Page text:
Murder on the Orient Express #13: Poirot's Decision

Murder on the Orient Express by ‎Agatha Christie

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Murder on the Orient Express #13: Poirot's Decision

Unread postby fireflydances » Wed Nov 15, 2017 6:50 pm

What do you think of Poirot’s decision to look the other way? Does an investigator have a responsibility to follow the law?
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Murder on the Orient Express #13: Poirot's Decision

Unread postby Gilbert's Girl » Thu Nov 16, 2017 3:04 am

fireflydances wrote:What do you think of Poirot’s decision to look the other way? Does an investigator have a responsibility to follow the law?

In real life maybe, not always in fiction. But he is not an officer of the law.

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Murder on the Orient Express #13: Poirot's Decision

Unread postby fireflydances » Thu Nov 16, 2017 4:56 pm

I found it interesting that Poirot struggled more in the movie. He really didn't know what to do. I felt it was a more realistic take on how anyone faced with looking away from murder, no matter how warranted, would feel. Completely torn.
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Murder on the Orient Express #13: Poirot's Decision

Unread postby nebraska » Thu Nov 16, 2017 6:38 pm

It works in fiction, and it satisfies are certain desire for justice in the reader. I am not sure about real life.

There was a case in Omaha a few years ago where the lead crime scene investigator was convicted of planting evidence and went to prison. (Two innocent men spent a long time in jail because he planted that evidence because he believed they were guilty) But I wonder if sometimes investigators look the other way when they believe someone is innocent, or they want that person to be seen as innocent. In small communities I think it makes a difference who you are and who your family is as to how vigorously you might be pursued.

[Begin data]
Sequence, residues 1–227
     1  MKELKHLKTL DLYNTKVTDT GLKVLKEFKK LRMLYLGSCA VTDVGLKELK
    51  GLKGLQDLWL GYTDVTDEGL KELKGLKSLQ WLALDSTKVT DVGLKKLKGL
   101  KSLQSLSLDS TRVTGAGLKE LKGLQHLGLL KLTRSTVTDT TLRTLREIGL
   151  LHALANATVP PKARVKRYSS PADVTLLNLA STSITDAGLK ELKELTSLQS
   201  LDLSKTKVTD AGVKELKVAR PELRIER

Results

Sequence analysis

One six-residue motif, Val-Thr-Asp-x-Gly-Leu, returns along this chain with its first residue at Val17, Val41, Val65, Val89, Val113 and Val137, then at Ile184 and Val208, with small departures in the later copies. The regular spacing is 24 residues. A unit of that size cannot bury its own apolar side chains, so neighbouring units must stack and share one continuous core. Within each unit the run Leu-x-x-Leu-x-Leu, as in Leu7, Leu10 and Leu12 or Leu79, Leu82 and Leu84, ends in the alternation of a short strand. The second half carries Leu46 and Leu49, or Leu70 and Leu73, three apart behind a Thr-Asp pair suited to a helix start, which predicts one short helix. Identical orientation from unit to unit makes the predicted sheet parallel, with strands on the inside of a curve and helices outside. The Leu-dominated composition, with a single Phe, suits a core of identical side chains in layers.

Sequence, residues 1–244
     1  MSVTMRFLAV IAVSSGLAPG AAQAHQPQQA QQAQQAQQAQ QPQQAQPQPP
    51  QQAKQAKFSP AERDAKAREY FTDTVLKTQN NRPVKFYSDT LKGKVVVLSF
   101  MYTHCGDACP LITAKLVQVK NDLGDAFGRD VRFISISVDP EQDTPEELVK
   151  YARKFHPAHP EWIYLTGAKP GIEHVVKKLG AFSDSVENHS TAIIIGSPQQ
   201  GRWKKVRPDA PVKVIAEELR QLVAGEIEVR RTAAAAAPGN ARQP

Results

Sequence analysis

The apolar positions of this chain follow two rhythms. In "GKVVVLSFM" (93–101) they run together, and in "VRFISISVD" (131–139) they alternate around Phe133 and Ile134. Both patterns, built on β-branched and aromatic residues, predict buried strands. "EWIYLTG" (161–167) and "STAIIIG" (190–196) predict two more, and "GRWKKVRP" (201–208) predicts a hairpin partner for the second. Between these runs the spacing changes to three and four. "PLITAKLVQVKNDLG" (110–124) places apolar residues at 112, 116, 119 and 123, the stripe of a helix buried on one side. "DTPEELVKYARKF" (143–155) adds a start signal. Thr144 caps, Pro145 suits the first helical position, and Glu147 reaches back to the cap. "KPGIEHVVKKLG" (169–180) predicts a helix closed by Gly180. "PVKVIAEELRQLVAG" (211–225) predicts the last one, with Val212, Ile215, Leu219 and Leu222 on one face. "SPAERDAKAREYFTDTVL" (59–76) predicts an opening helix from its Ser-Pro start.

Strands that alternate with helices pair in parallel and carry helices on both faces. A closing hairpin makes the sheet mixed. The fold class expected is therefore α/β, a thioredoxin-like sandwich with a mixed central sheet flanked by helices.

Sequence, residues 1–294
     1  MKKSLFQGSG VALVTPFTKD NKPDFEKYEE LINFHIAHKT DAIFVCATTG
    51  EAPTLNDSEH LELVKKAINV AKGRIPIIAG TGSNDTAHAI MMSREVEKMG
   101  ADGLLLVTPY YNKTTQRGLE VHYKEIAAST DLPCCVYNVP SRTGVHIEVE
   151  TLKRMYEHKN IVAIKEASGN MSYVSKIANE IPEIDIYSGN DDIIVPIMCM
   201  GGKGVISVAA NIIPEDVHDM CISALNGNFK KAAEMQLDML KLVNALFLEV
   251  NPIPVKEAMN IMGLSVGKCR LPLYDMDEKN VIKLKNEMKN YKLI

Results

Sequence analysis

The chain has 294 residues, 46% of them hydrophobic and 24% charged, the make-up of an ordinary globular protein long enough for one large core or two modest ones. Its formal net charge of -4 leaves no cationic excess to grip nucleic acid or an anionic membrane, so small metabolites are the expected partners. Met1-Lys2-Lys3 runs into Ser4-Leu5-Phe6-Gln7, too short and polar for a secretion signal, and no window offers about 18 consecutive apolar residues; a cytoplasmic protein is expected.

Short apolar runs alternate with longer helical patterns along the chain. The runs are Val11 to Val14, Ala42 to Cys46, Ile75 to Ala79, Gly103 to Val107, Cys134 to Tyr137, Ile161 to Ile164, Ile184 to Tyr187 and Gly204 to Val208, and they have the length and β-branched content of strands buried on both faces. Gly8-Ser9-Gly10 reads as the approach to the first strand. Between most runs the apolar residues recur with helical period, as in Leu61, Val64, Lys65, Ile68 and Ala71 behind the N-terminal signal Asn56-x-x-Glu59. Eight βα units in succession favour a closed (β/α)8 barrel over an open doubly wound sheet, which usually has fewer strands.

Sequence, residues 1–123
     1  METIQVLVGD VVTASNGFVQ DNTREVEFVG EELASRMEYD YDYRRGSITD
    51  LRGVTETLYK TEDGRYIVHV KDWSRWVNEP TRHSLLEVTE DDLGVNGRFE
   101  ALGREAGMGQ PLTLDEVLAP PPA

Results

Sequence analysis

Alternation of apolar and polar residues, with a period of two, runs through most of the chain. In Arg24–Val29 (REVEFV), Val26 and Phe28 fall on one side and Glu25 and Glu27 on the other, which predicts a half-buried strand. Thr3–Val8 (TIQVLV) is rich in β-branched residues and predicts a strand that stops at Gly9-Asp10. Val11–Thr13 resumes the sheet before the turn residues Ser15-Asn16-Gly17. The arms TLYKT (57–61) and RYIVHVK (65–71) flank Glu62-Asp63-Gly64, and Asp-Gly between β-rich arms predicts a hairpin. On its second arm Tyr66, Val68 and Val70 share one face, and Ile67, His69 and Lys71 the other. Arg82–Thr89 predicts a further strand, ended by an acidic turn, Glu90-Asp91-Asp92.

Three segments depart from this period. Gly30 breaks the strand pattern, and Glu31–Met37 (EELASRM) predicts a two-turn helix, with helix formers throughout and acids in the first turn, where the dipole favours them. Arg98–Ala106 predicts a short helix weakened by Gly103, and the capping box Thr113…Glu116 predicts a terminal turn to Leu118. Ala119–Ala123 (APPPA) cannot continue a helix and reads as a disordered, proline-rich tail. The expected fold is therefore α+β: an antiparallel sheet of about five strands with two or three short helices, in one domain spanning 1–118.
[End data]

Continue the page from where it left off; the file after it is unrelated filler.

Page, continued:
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Murder on the Orient Express #13: Poirot's Decision

Unread postby SnoopyDances » Tue Nov 21, 2017 9:54 am

In fiction it works well. In real life, not so much.
In the book (and movie), it was easy to see that justice hadn't been carried out on Ratchett/Casetti, although it never really says why. Some technicality, I think. It also never says why everyone is so sure of his guilt.

But I don't believe in mob mentality and vigilante squads for real life. Trial by social media is bad enough, I'm sure we don't want that attitude to take over. The movie does a better job of pointing this out with the subplot of the accused maid who committed suicide, even though she was innocent. There was pressure from all sides to find a kidnapper, so they "found" one, while the real kidnapper escaped.

Nebraska brings up a good point...if police/detectives plant evidence when they think someone is guilty, do they also look the other way when they think someone is innocent? It's certainly possible.

They definitely look the other way when someone is guilty, but a relative! Just had a story from here where a woman's brother was missing and no one in the local sheriff's department would investigate. When a new sheriff took over and brought in detectives from a different district, they found the woman's brother buried on the property of the former sheriff's relative. :grr:


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